Cuban activists arrested to prevent their attendance at a Havana gathering

Police mobilize to prevent activists from taking part in a gathering at the Plaza de la Revolución in Havana.
Police mobilize to prevent activists from taking part in a gathering at the Plaza de la Revolución in Havana. Courtesy

Cuban authorities arrested dissidents, independent journalists and a well-known artist Tuesday in an apparent attempt to block a rally in Havana’s revolutionary square organized by a new movement that calls itself #YoTambienExijo (I also demand).

Among those detained were journalist Reinaldo Escobar, editor of the online 14ymedio publication and husband of prominent blogger Yoani Sánchez; Eliecer Ávila, an activist; and Antonio Rodiles, who directs a human rights group called Estado de Sats. Sánchez, who founded 14ymedio, reported the arrests on Twitter.

Sánchez said she was placed under house arrest and also reported that several other 14ymedio contributors were visited by State Security officers and warned not to cover the event, which was scheduled to take place at 3 p.m. at the Plaza de la Revolución.

The demonstration called for participants to go before a microphone for one minute to share their thoughts, concerns or ideas about how Cuba’s future should unfold.

Several opponents and independent journalists said they received fake text messages saying the event had been canceled.

The rally was promoted on social media after the Dec. 17 announcement of renewed diplomatic ties between Washington and Havana. Hundreds of people said they planned to attend even though Cuban authorities denied permission to organizers, headed by prominent Cuban artist Tania Bruguera.

Sister’s claims

Bruguera’s sister Deborah, citing sources in Havana, said Bruguera was arrested at her home at 10 a.m. “after having State Security agents knock on the front door of her residence for five consecutive hours.”

Bruguera was then taken to the headquarters of the Cuban Intelligence Service, Deborah Bruguera said.

“Her family, friends, acquaintances, colleagues from the art world, and citizens are extremely worried because we don’t know where she’s at right now and what state she’s in. She was not allowed to be accompanied by a lawyer at the time that she was detained, either,” said Deborah Bruguera, who added that “the Cuban government is responsible” for any harm done to her sister.

Bruguera scheduled the performance, which would feature an open microphone format and invite people to discuss the future of Cuba in the symbolic Plaza de la Revolución, for Tuesday at 3 p.m. #YoTambienExigo was in charge of spreading the word about the event and had lost contact with Bruguera early Tuesday.

Bruguera met with Cuba’s National Council of Fine Arts President Ruben del Valle for more than three hours Saturday to try to obtain official permission for the event to no avail.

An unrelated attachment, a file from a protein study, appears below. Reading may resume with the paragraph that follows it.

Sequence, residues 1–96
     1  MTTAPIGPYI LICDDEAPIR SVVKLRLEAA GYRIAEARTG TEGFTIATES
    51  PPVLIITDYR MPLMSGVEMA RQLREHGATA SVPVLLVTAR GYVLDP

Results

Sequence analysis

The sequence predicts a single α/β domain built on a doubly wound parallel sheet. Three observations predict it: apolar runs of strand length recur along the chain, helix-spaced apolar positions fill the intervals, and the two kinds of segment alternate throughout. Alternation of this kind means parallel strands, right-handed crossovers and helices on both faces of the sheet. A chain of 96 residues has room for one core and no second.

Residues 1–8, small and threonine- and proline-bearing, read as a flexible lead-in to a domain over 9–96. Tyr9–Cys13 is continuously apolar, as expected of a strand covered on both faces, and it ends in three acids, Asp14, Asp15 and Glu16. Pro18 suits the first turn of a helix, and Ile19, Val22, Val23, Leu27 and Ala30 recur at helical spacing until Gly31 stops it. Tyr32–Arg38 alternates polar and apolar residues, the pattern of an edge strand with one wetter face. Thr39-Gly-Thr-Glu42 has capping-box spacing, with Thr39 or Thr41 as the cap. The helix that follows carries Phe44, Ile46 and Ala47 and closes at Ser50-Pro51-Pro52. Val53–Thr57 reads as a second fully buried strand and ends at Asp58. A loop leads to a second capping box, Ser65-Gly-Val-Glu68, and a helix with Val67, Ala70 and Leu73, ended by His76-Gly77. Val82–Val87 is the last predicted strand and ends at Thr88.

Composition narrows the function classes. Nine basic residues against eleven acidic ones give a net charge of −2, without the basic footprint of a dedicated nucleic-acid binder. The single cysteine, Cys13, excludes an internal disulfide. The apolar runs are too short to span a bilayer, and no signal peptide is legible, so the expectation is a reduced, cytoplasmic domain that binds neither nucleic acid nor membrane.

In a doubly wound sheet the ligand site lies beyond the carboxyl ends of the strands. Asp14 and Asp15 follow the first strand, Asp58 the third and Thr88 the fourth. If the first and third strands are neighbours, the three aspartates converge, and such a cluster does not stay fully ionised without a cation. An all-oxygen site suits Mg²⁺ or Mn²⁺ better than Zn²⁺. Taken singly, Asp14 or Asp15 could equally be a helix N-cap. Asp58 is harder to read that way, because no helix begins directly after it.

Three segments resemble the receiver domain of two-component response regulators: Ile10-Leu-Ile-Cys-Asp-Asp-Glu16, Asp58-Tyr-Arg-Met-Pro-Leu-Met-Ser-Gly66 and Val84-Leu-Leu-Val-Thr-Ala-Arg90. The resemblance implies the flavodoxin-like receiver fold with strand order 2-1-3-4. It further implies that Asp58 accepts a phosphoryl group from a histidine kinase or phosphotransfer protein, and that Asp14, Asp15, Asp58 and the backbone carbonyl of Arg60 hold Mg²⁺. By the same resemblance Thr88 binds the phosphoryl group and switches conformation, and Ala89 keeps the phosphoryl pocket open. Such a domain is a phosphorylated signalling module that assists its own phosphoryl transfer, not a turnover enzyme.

A posting on the government-controlled website, The Jiribilla, lambasted the #YoTambienExijo rally as “a sham.”

Bruguera, who refers to the event as “performance” art, said the idea came from a letter she wrote to President Barack Obama, Cuban leader Raúl Castro and Pope Francis.

She demanded that all Cubans have a right to stake their claim on the future of the island and also have a right to express their opinions through peaceful demonstrations in favor or against government action without “being punished.”

After Tuesday’s proceedings, Assistant Secretary of State Roberta Jacobson, who will visit Cuba in January, condemned the detentions in a message on Twitter and reiterated that freedom of expression “remains core of U.S. policy” on Cuba.

U.S. Rep. Ileana Ross-Lehtinen, R-Miami, also posted a message on Twitter to President Barack Obama informing him of the detentions and warning him that “oppression in Cuba will not change as long as the Castro brothers hold power.”

Events demonstrating solidarity with Tania Bruguera were held simultaneously in Miami and New York. Despite the support that the #YoTambienExijo group has found in social media campaigns, its efforts to hold public gatherings involving self-expression have been restrained in a country were most people don’t have access to the Internet.

Bruguera asked Cuba’s National Council for Mixed Media Arts (CNAP) to send information about the event to the media and to the state-run television channel. Her request was denied.

Bruguera, who lives in the United States, has built a career internationally through the creation of political art.

In 2013, she was consulted as an expert in a United Nations report about the right to freedom and freedom of artistic expression.

In an interview with el Nuevo Herald, the artist emphasized the significance of the rally that was to be held in the Plaza.

“Through art, spaces of tolerance that perhaps don’t yet exist in real life can be created and people can experiment with different ways of behaving,” she said.

another view

Cuba art institutions have a different perception of art.

In an official news release on Monday, the CNAP said holding the rally was “unacceptable” and “especially considering the symbolic space, the Plaza de la Revolución, and considering the ample press coverage and the manipulation it has obtained in counterrevolution media outlets.”

The CNAP said that the artist could hold the event in “a cultural institution of prestige in the arena of visual art.”

Since it is “an art related activity,” it said, “that should be it’s natural stage.”

Follow Nora Gámez Torres on Twitter @ngameztorres

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